Lucky Peterson – Live In Marciac/ July 28th 2014 – Jazz Village (CD + DVD) JV 570076.77, 75:29 (Distr. by Harmonia mundi) ****:
(Lucky Peterson – guitar, organ, vocals; Marvin Hollie – keyboards; Shawn Kellerman – guitar, vocals; Raul Valdes – drums; special guest Joe Satriani – guitar track 14)
Like many blues performers, Lucky Peterson began playing a classical instrument (French horn). But this was someone whose destiny to perform blues was ordained as a young child performing on Ed Sullivan, The Tonight Show and What’s My Line. He had a solo album in 1969 as a five year old. His first creditable band experience was with Etta James, Bobby “Blue” Bland and Little Milton. As a solo performer he has recorded with several labels including Alligator, Verve and Blue Thumb. In 2014, Peterson signed with Jazz Village Records. His latest release is a CD + DVD set, Lucky Peterson – Live In Marciac/ July 28th 2014.
The opening track of this set is deceptive. After a slow, bluesy solo, “Boogie Thang” (with Shawn Kellerman playing lead guitar and handling vocals) erupts with rocket-fueled boogie glory. The frenetic play is interrupted with a welcome to the Jazz In Marciac Festival. After a flashy introduction, Lucky Peterson takes the stage. With prominent Hammond organ licks, Peterson electrifies “Funky Broadway”, doing proper justice to Wilson Pickett The band is rocking with unbridled fervor. The selection of numbers is unusual. Johnny Nash’s “I Can See Clearly” is hardcore gospel blues. The extended nine-and-a-half- minute jam is funky and exhibits a high note of showmanship. At the 4:50 mark, Peterson launches into a soulful organ solo. He joins himself in a synthesized jam before the band finishes up. The funky approach continues on “It Ain’t Safe”, but with a Sunday morning church feel. In slower tempo, “Trouble” is a ballad with r & b sentiment.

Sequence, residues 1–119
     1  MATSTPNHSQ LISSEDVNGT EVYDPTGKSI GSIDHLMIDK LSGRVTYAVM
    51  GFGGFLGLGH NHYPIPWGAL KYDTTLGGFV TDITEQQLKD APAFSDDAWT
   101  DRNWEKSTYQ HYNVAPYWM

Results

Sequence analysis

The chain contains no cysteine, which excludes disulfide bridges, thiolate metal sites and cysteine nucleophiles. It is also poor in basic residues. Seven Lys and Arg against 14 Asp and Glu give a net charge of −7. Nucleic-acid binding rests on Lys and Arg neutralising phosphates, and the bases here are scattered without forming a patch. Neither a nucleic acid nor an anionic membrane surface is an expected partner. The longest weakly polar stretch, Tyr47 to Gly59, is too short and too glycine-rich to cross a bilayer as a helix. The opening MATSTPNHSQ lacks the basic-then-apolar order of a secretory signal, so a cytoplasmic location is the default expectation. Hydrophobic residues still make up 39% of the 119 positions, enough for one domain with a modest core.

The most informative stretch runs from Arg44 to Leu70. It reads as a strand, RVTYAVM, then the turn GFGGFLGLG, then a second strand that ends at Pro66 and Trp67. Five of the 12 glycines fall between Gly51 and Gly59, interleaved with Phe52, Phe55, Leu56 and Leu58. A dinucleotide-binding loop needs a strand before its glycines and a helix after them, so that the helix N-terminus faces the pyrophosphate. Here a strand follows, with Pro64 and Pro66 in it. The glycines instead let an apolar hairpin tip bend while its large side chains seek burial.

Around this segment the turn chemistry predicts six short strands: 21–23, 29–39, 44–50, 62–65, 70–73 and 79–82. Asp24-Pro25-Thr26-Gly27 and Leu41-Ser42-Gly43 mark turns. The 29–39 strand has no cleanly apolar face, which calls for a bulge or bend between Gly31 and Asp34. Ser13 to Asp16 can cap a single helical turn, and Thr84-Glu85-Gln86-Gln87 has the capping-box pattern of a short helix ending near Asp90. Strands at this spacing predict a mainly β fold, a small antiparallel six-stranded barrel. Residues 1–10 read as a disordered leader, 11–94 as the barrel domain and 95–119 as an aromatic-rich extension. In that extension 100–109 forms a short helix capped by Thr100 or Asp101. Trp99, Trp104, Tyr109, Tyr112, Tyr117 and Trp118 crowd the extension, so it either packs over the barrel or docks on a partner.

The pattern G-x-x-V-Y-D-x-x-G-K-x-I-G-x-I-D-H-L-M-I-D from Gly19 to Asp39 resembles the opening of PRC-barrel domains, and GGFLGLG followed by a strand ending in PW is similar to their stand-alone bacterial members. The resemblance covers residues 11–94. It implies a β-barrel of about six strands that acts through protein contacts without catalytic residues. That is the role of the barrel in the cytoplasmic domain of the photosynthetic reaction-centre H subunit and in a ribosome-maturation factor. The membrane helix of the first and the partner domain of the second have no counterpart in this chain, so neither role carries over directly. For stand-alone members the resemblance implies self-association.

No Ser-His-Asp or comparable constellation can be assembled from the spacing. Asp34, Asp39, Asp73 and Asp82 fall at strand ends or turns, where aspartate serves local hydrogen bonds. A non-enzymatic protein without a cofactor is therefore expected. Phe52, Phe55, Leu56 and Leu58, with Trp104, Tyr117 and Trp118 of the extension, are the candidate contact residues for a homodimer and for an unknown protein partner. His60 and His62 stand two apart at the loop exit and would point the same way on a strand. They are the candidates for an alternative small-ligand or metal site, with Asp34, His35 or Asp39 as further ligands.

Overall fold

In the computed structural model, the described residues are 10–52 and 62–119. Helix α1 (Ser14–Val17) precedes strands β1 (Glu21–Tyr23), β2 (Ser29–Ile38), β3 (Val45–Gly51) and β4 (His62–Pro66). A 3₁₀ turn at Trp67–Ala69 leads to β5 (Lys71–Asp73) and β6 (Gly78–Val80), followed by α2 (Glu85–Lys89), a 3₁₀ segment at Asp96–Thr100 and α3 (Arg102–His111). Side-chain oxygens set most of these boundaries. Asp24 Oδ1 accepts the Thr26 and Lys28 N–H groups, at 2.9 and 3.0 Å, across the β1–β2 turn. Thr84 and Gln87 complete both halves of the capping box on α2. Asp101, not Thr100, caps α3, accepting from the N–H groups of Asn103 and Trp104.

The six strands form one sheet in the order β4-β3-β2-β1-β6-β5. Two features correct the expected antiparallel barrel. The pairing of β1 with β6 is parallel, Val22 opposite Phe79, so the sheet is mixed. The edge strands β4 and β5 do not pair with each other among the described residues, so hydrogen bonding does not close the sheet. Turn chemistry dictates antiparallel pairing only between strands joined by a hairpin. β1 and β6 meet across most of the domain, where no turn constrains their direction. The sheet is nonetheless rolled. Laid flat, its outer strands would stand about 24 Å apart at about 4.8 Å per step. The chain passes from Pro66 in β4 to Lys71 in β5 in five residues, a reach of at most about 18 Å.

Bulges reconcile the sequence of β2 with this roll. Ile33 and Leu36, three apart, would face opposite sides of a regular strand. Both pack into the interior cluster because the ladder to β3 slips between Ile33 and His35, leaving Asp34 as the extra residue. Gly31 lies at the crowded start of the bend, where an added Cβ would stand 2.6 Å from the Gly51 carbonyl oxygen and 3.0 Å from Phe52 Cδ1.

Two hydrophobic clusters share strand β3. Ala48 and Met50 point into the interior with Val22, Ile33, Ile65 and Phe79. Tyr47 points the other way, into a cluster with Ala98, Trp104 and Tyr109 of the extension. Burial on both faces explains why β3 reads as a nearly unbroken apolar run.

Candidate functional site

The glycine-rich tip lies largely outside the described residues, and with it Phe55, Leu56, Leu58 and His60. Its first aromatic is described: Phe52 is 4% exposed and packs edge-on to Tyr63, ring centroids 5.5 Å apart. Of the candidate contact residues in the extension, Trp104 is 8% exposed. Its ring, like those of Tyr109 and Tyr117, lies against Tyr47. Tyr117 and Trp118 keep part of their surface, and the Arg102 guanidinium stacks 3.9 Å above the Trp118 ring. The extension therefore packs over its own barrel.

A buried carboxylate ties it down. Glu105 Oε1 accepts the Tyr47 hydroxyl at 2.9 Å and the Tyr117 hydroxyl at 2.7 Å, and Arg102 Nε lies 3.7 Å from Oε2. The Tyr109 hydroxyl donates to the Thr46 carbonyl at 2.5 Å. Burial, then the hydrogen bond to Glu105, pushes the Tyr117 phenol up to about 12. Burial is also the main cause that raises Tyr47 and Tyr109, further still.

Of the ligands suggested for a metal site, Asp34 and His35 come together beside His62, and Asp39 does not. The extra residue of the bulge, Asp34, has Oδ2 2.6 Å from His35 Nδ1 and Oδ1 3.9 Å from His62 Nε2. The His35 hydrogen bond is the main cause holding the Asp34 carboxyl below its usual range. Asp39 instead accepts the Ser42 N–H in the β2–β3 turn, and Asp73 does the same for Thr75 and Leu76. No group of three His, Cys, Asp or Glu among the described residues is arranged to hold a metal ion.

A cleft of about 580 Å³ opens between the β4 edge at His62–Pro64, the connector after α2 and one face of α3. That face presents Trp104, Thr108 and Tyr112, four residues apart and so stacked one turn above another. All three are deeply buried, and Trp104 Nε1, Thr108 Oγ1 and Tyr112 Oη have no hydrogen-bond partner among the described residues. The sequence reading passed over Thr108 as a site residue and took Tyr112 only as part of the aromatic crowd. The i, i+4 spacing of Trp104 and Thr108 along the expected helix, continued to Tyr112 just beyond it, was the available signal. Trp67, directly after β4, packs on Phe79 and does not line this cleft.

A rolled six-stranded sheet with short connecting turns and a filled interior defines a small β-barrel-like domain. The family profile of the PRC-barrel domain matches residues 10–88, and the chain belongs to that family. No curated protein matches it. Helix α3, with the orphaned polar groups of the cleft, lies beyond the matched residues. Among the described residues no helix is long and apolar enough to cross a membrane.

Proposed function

The mood picks up with some Chicago-style blues on “Lock Out Of Love”, as Peterson moves to guitar. The jagged runs and lusty vocals amp up the crowd. This harder edge continues on another original composition “Make My Move On You”, which features a breathtaking guitar solo. In a heartfelt tribute, Peterson does a 1:38 tribute to Stevie Ray Vaughan’s “Pride And Joy”. Initiating another change of pace, “Nana Jarnell” exudes a quieter late night resonance, but still exhibits intensity. Peterson is equally skilled at guitar and organ. A “solo” two-minute organ intro (“Goin’ Down Slow”) morphs into an explosive, rocking soul number, “Jody’s Got Your Girl and Gone”. Peterson has the crowd in the palm of his hand and doesn’t let up. “Boogie Woogie Blues Party” is a wild romp (like a Little Richard jam) and he finishes with all of the fanfare of a great performer. For the encore, Peterson invites Joe Satriani to the stage for a mind-blowing rendition of the signature electric guitar song, “Johnny B. Goode”. Satriani simply tears it up bringing a spirited concert to a memorable close.
The accompanying DVD is a no-frills crisply shot video of this same set. It is great blues music.
TrackList CD + DVD: Boogie Thang; Funky Broadway; I Can See Clearly Now; It Ain’t Safe; Trouble; Lock Out Of Love; Make My Move On You; Tribute To Stevie Ray Vaughan; Nana Jarnell; I’m Still Here; Goin’ Down Slow; Jody’s Got Your Girl And Gone; Boogie Woogie Blues Party; Johnny B. Goode – “Encore”